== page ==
She had been planning this “little” get together with friends for the last month. I finally got her to pare her little list down to eight people including Iris. I always liked to invite Iris to one of our party’s because she always has an opinion on every subject. And what I really like about Iris is that she has no filter on her mouth. She’s not a shy one and you better be ready to cover your ears if you are easily offended. She will be the ideal person to try your new juicy pineapple desert.
This post is in response to Friday Fictioneers. The challenge is to write a complete story with a beginning, middle and end using the picture prompt below.
Sometimes you need a new perspective on your life. Every day you go about your daily activities with little thought of how things change around you. Or do they? If you take a selfie (Oxford Dictionaries chose that word as its Word of the Year in 2013) today and stood in the same place a year from now, how much would change. Same pictures on the wall? Your favorite recliner? The super soft blanket that even Linus from Peanuts would envy?
Would you even be here in a year to take the picture. Yes? No?
This post is written for Friday Fictioneers. The challenge is to write a complete story with a beginning, middle and end in 100 words or less. My story follows the picture prompt below.
“Sorry for your loss.” He hates that statement. They don’t understand the world he now faces without her. She was always the one that was there for you when you needed her. Where were you when she needed you in her last months? She was always growing, expanding her energies for all the things she held close to her heart. He garden was her escape. A place to escape her crazy world.
She left specific instructions of how she wanted to be remembered. Fine to think she can go on being socially useful even after she’s dead. Making plants grow.
It was a little after 7:30 am. We were about a half hour late. She always liked to get started early on her twice daily walk. I told her the radar indicated that the rain would be here shortly. I could tell by the look she gave me that she couldn’t wait. So off we went. Sure enough the rain started about five minutes into our walk. Ten minutes later it was a delude. She wasn’t happy.
It was late afternoon Monday June 8, 1953. As we drive to my grandmother’s I remember seeing a refrigerator in a tree. For an seven year old that didn’t make sense. Her street of old two story homes was now what looked like a messy lumber yard.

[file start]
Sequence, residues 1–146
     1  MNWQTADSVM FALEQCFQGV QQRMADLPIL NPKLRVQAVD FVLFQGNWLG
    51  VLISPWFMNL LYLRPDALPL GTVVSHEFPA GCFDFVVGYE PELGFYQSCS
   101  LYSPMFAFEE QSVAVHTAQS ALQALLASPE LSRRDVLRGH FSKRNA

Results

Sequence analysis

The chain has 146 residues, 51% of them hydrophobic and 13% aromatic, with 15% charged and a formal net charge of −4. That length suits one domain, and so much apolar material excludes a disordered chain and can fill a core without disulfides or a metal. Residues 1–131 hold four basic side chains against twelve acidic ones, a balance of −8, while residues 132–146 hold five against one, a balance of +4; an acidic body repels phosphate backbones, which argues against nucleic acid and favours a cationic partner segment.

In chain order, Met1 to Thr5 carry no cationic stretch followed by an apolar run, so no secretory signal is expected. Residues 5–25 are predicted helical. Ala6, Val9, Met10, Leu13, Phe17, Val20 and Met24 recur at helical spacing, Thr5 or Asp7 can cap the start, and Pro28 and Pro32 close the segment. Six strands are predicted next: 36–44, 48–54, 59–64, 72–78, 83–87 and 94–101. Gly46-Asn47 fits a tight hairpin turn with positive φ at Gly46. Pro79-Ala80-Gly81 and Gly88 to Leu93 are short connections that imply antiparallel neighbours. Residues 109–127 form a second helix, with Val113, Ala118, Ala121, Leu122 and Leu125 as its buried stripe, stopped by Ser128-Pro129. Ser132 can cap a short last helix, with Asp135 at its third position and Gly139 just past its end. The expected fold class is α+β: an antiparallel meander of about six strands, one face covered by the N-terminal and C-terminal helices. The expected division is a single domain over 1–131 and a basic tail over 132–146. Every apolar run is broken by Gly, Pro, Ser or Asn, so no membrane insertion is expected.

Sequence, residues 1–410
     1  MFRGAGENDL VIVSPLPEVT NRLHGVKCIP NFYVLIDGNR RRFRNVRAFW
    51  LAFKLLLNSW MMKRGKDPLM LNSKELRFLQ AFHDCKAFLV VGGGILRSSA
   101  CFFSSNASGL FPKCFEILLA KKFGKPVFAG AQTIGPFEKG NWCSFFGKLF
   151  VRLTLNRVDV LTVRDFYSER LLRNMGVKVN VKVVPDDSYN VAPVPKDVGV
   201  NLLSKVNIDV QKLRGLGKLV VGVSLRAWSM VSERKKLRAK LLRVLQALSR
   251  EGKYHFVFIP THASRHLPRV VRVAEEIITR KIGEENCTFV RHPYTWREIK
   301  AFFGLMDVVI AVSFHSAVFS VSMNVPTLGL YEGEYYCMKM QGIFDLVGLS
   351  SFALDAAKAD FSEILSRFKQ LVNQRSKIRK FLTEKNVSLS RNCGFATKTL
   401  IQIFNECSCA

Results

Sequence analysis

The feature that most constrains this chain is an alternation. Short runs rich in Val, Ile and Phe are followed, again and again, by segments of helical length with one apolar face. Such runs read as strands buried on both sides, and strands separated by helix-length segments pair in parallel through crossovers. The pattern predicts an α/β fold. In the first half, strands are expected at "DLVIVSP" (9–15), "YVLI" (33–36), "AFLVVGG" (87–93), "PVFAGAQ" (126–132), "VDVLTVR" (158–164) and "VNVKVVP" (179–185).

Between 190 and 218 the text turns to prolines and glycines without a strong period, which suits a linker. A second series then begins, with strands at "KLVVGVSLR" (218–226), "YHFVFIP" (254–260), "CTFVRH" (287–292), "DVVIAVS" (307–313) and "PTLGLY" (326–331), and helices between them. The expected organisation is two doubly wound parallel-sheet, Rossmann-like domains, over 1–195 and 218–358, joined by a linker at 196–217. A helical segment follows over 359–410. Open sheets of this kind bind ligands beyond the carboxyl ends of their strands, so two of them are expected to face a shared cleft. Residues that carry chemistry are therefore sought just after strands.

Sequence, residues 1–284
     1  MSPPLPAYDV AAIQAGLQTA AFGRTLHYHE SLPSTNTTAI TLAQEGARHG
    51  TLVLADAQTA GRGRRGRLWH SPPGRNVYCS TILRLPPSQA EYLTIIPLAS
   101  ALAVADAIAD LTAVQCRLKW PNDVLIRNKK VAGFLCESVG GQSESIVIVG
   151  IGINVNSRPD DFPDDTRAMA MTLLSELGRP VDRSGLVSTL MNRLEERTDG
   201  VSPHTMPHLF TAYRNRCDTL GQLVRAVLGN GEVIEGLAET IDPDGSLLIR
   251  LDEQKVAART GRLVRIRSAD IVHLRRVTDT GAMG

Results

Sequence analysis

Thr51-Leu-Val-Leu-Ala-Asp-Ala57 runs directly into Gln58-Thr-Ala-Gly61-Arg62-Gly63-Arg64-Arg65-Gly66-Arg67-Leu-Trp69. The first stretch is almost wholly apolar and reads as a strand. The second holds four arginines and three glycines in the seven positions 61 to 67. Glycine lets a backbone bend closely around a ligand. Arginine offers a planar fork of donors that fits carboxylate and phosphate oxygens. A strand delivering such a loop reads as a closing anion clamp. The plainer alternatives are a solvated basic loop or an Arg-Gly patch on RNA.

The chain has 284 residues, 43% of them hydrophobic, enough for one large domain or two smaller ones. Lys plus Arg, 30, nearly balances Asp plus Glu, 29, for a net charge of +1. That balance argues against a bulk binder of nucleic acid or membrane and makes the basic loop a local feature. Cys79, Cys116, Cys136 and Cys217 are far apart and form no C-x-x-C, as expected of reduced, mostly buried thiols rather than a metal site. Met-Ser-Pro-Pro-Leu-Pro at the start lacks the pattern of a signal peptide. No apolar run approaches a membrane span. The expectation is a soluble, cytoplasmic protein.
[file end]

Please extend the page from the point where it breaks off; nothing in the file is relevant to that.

There were a few people, some walking, some sitting on the ground, with a daze look in their eyes, rummaging among their damaged possessions looking like the walking dead. The amazing thing was that there was total silence. There was no wind. It was a time when the world stood STILL.
This post is written for Friday Fictioneers. The challenge is to write a story using 100 words or less that has a beginning, middle and end using the picture prompt below.
We were in the heart of a long abandoned area of the park. The greenness of the area hid the desperation of the inhabitants below. Come nightfall the squatters would come back from their days journey in hell. Dirty backpacks, trash bags containing refundable containers, broken grocery carts filled with their worldly possessions. The daily migration never ended. Each day a few crazed zombies added to the population. The poorest of the poor lived right here, underneath the walking path. Some people who had lost their self-respect called this place home.
This post is in response to Friday Fictioneers. The challenge is to write a complete story with a beginning, middle and end in 100 words or less using the picture prompt below.
I met Sara at the last meeting. I liked her sad story. She is homeless and sleeps on the grassy area under the highway overpass. We mumble “thanks for sharing” and let our minds wander back to our own pathetic world.
When my turn comes I rattle on about my recent good fortune. Faces turn as I describe my new digs. Suddenly Sara shouts that she is tired of sleeping on the streets and asks if I need a roommate. I give her my address.
This post is written for Friday Fictioneers. The challenge is to write a short story, 100 words or less, with a beginning, middle and end using the picture prompt provided. My story follows that picture prompt below.
Living far from her parents was rough enough in normal times. And this definitely was not close to normal. She regretted now, more than ever before, leaving home. Leaving them so depended on others.
He did not even get the opportunity to see his latest grandchild. Even her mother was not able to be at his bedside when he died. Only the nurse. A nurse who nothing about the wonderful person that lay before her suffering his last suffocating painful breaths.
She received the dreaded last night at 3 a.m.
“Send me something to remember him,” she asked the nurse.
This story is written for Friday Fictioneers. The challenge is to write a complete story with a beginning, middle and end in 100 words or less using the picture prompt below. My story follows the picture prompt.
His mind wandered in and out of the real world. His twenty eight years working on Amtrak trains occupied his decaying mind at the moment. He had a nightmare that would not go away.
He had to throw a switch.
The switch that would allow his train to enter the siding and allow the Amtrak California Zephyr to pass on the main line on its way to its final destination in Emeryville. He didn’t realize how much the heavy snow would slow him down.
The headline in the San Francisco Examiner read: “Brakeman only survivor in Amtrak train disaster.”